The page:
¶ 11 B. Discovery

¶ 12 In January 2009, Amy's attorneys, the law firm of Schiller, DuCanto and Fleck (the Schiller firm) were granted leave to withdraw. The law firm of Rinella and Rinella (the Rinella firm) began representing Amy in February 2009.

¶ 13 On March 12, 2009, Sunil served Amy with a request for the production of documents and with interrogatories in order to ascertain the identity and testimony of the witnesses she intended to call at trial pursuant to Illinois Supreme Court Rule 213(f) (eff. Jan. 1, 2007). Patel I, 2011 IL App (1st) 111407–U, ¶ 29, 2011 WL 10088342. While the rule required that Amy respond within 28 days, Amy did not respond to the request until July 17, 2009. She tendered some documents and listed only the parties as witnesses. On August 31, 2009, the trial court set a trial date of January 25, 2010, and ordered the parties to update their discovery disclosures by November 24, 2009. Patel I, 2011 IL App (1st) 111407–U, ¶¶ 29–30, 2011 WL 10088342.

¶ 14 On September 21, 2009, Sunil filed a motion to compel Amy to comply with his document request of March 12, 2009. Sunil alleged that Amy's July 17, 2009, response was incomplete. He further alleged that his attorney had attempted to resolve the matter with Amy's attorney pursuant to Illinois Supreme Court Rule 201(k) (eff. July 1, 2002), but no additional documents were produced. Due to the withdrawal of the Rinella firm and the appearance of Amy's new attorneys, Pasulka and Associates, P.C. (the Pasulka firm), the trial date was continued to April 28, 2010, and the discovery cutoff date was extended to April 15, 2010. The trial court ordered Amy to comply with Sunil's March 12, 2009, production request by February 1, 2010. In the event she failed to comply, the order provided that Amy would incur a fine of $100 per day. As of February 1, 2010, Amy had not complied with the production request, and the fine began to accumulate. The Pasulka firm then withdrew. Patel I, 2011 IL App (1st) 111407–U, ¶¶ 33–34, 2011 WL 10088342.

¶ 15 On February 16, 2010, the trial court ruled on Amy's emergency motion to reschedule the depositions of certain family members. The court entered an order allowing the substitution of law firm of Coladarci and Coladarci (the Coladarci attorneys) to represent Amy and continued the issue of the depositions to February 18, 2010. The order further provided that Sunil's attorney was to tender to Amy's attorney the bill for costs and fees necessitated by the rescheduling of the depositions. On February 18, 2010, the trial court rescheduled the depositions. The court acknowledged in the order that Sunil's attorney had tendered the bill for the depositions to Amy's attorney. Amy was ordered to pay the rescheduling fees at a pretrial hearing on March 3, 2010.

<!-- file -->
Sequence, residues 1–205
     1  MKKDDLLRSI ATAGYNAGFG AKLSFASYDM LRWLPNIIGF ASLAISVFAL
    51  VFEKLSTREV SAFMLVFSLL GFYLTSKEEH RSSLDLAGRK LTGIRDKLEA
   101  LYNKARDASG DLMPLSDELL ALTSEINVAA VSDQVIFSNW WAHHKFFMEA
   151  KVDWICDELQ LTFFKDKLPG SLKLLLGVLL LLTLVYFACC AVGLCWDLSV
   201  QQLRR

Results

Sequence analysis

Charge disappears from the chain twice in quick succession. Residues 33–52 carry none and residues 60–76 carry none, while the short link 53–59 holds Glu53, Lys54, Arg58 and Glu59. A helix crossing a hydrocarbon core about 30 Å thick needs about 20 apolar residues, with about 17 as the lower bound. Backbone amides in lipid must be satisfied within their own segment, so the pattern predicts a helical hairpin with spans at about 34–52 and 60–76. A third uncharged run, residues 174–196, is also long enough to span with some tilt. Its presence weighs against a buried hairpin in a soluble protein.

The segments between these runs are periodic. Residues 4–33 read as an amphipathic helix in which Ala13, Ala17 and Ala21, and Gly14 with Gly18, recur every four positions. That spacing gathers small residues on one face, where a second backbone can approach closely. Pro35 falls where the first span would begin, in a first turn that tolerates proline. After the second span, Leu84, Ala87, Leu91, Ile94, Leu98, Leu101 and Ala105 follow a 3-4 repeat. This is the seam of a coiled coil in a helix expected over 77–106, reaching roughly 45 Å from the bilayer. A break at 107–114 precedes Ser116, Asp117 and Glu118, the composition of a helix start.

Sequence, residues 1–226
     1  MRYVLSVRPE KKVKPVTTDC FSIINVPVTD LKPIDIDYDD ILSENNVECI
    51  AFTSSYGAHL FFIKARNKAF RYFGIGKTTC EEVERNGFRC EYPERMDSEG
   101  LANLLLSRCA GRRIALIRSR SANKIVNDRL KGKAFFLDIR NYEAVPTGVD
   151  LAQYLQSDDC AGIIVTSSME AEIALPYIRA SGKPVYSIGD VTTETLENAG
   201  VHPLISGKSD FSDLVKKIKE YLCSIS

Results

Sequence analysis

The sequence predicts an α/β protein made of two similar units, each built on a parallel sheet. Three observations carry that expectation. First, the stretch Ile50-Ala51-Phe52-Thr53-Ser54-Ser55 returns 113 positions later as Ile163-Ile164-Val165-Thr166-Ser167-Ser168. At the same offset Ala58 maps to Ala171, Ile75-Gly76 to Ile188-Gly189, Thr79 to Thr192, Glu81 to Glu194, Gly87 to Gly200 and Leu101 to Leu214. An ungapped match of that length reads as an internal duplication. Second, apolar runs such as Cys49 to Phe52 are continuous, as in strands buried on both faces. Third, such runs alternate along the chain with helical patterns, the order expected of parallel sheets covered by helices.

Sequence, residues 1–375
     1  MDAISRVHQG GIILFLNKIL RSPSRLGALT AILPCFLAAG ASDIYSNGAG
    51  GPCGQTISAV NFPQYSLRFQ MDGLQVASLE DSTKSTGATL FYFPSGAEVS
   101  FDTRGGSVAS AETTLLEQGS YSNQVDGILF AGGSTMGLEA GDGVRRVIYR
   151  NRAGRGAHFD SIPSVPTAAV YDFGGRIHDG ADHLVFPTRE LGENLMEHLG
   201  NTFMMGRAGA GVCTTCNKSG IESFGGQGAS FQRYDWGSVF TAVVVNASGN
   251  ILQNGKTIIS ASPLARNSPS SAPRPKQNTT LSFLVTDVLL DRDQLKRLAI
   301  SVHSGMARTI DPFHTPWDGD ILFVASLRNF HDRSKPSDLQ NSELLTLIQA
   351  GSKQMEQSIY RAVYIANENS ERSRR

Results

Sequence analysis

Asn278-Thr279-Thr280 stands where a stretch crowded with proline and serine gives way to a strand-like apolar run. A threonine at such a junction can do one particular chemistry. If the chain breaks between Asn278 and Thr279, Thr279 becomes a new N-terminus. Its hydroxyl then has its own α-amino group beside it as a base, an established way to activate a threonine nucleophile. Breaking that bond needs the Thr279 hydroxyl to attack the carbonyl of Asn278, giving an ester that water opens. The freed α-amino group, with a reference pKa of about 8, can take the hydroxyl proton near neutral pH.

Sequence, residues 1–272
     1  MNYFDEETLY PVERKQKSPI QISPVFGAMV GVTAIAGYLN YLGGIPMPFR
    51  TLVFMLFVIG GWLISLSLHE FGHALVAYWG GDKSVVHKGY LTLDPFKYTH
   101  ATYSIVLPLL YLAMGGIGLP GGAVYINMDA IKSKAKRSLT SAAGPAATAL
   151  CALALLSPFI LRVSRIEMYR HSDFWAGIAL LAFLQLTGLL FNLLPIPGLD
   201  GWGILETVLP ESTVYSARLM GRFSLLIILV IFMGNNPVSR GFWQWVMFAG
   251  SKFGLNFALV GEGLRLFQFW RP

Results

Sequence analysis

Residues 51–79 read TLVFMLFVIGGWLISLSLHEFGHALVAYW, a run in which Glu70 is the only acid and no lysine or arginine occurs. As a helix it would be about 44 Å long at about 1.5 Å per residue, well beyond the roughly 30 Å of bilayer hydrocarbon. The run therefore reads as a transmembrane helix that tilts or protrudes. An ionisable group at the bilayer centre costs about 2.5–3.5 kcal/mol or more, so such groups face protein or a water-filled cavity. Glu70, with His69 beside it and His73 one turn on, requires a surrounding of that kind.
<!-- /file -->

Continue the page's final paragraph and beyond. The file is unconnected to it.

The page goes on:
¶ 16 On April 5, 2010, Sunil filed a motion to bar Amy from using any documentary evidence at trial that she had not previously tendered and from calling any lay or expert witness she had not previously disclosed. Due to the unavailability of the trial judge, the April 28, 2010, trial date was continued, first to July 12, and then to July 19, 2010. On May 12, 2010, Amy disclosed 34 witnesses but requested that discovery be extended to allow her experts, Drs. Chapman and Krause, to submit their reports and to be deposed by Sunil. Sunil responded that it would be impossible to complete discovery with regard to Amy's experts by the trial date. Patel I, 2011 IL App (1st) 111407–U, ¶¶ 35–39, 2011 WL 10088342.

¶ 17 On June 3, 2010, the Coladarci attorneys filed an emergency motion to withdraw as Amy's attorneys. The motion was denied without prejudice on June 9, 2010. On June 17, 2010, the trial court found that Amy's answers did not comply with Rule 213 and that she had failed to comply with the rules and court orders regarding the disclosure of her witnesses. The trial court refused to continue the trial date and barred Amy from introducing her expert witnesses' opinions at trial or from calling them as witnesses.

¶ 18 On June 30, 2010, the trial court heard arguments on several motions filed by the parties. Inter alia, the court found that Amy had violated the June 17, 2010, order by filing Dr. Chapman's report with the clerk of the court. The court prohibited Amy from filing any pro se motions without leave of court and barred her from using or referencing any documents that existed prior to February 2, 2010, but not previously tendered pursuant to prior court orders. On July 21, 2010, the trial court found that Amy had violated the court's June 30, 2010, order, inter alia, by filing motions with the court pro se and failing to file a formal response to Sunil's request for the production of documents. The court entered an order granting Amy's motion to represent herself and ordered the Coladarci attorneys 2 to act as standby counsel. The court barred Amy...